The post-war period marked the emergence of Arup Associates, a major presence on the British architectural scene for more than half a century, from the engineering consultancy founded by Ove Arup in 1946. With architects, engineers and other professionals working in groups, it offered a uniquely interdisciplinary approach to the design of buildings. From early ground-breaking factories to a series of university commissions, innovative offices and cultural projects, the practice moved on to become a major player on the London development scene with its projects at Finsbury Avenue and Broadgate. ‘Arup Associates’ by Kenneth Powell (Historic England, £30, ISBN 9781848023673) is the first monograph on Arup Associates to be published for more than 30 years and discusses the work of the firm from the 1950s to the 1990s and assesses the contribution of its leading designers. Based on interviews with many former and current members of the practice, it’s extensively illustrated with images from the Arup archive and stunning new photography offering a new perspective on an exceptional body of work.

For those seeking a wide-ranging overview of what engineering has achieved over the years, it’s hard to beat ‘Discovering Engineering That Changed the World’ (Veloce, £19.99, ISBN 9781787113558), in which author and photographer Julian Edgar tours the world to see an astonishing series of engineering marvels. More than 170 original photos, accompanied by a thoroughly researched text, takes the reader on a journey from deep underground in an Arizona missile silo to being in the pilot’s seat of one of the biggest hovercraft that has ever flown. Passionate and insightful, this is an incredible adventure through the best things the world has to offer for anyone who likes speed, technology and excitement.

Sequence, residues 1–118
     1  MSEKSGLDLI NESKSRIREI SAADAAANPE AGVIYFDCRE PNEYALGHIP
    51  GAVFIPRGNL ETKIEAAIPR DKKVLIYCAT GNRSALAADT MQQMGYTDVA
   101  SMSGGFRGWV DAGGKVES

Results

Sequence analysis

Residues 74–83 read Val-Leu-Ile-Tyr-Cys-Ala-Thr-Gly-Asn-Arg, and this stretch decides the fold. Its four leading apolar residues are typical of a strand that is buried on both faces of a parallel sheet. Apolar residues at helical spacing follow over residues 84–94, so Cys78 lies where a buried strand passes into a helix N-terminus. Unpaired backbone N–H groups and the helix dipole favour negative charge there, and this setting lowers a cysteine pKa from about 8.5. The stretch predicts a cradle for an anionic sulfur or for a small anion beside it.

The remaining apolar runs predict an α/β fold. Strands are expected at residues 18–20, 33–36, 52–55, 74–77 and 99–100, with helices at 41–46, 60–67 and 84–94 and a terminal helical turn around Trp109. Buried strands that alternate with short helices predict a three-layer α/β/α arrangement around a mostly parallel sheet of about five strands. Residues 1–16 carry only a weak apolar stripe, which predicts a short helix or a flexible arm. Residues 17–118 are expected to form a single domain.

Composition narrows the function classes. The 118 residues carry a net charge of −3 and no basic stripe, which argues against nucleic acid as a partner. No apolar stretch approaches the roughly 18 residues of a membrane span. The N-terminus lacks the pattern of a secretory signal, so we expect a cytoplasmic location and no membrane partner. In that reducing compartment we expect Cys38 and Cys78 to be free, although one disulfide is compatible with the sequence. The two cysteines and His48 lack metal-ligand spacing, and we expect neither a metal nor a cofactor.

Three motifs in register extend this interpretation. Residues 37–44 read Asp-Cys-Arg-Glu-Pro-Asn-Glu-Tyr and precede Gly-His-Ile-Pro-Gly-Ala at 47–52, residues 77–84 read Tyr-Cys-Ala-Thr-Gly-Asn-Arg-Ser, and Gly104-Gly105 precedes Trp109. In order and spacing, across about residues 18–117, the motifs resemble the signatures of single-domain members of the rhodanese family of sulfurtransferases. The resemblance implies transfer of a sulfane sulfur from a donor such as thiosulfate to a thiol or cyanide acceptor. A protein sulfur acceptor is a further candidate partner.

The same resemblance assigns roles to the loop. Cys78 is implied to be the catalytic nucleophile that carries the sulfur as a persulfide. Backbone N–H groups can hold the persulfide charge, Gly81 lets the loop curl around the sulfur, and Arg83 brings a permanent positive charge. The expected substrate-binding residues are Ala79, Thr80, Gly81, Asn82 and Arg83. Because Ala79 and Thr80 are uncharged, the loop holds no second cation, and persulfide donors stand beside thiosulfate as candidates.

Sometimes it’s good to think about the motivation behind technical progress, and its implications. Humans have always sought to change their environment – building houses, monuments, temples and roads. In the process, they have remade the fabric of the world into newly functional objects that are also works of art to be admired. In ‘The Existential Pleasures of Engineering’ (Souvenir Press, £15, ISBN 9780285643727), Samuel Florman explores how engineers think and feel about their profession. Florman, a practicing engineer and vice-president of Kreisler Borg Florman Construction Company in the USA, celebrates engineering as being not only crucial and fundamental but also vital and alive; he views it as a response to some of our deepest impulses, an endeavour rich in spiritual and sensual rewards. Opposing the ‘anti-technology’ stance, he offers a practical, creative, and even amusing philosophy of engineering. Stimulating and illuminating, he opens our eyes to the inner need to build and invent. An eloquent, witty and perceptive celebration of our deepest creative impulses, ‘The Existential Pleasures of Engineering’ is an informative account of the modern-day engineer’s experience of their profession.

To finish, back to more names familiar to E&T readers, this time with books that don’t have a lot to do with engineering but will provide a light-hearted antidote to some of the more heavyweight issues addressed by titles we’ve mentioned already.

If the suggestion that the difference between chana dal and tarka dal is that “Tarka is a little otter,” raises a smile, you might be tempted by Nick Smith’s ‘Did You Hear the One About…’ (The Bay Magazine, £9.99, ISBN 978-0957110410), a collection of self-confessed ‘Dad jokes’ that will have you simultaneously laughing and groaning.

Our regular letters section cartoonists Kipper Williams, well known for his work right across UK media and beyond, strikes a festive tone with his ‘Christmas Comes To…’ series of books, containing cartoons tailored to 12 UK cities from Bury St Edmunds to Sheffield by way of Liverpool, Glasgow and Norwich. Order it here, and have a look at his greatest hits collection ‘All in Tents in Porpoises’ while you’re there.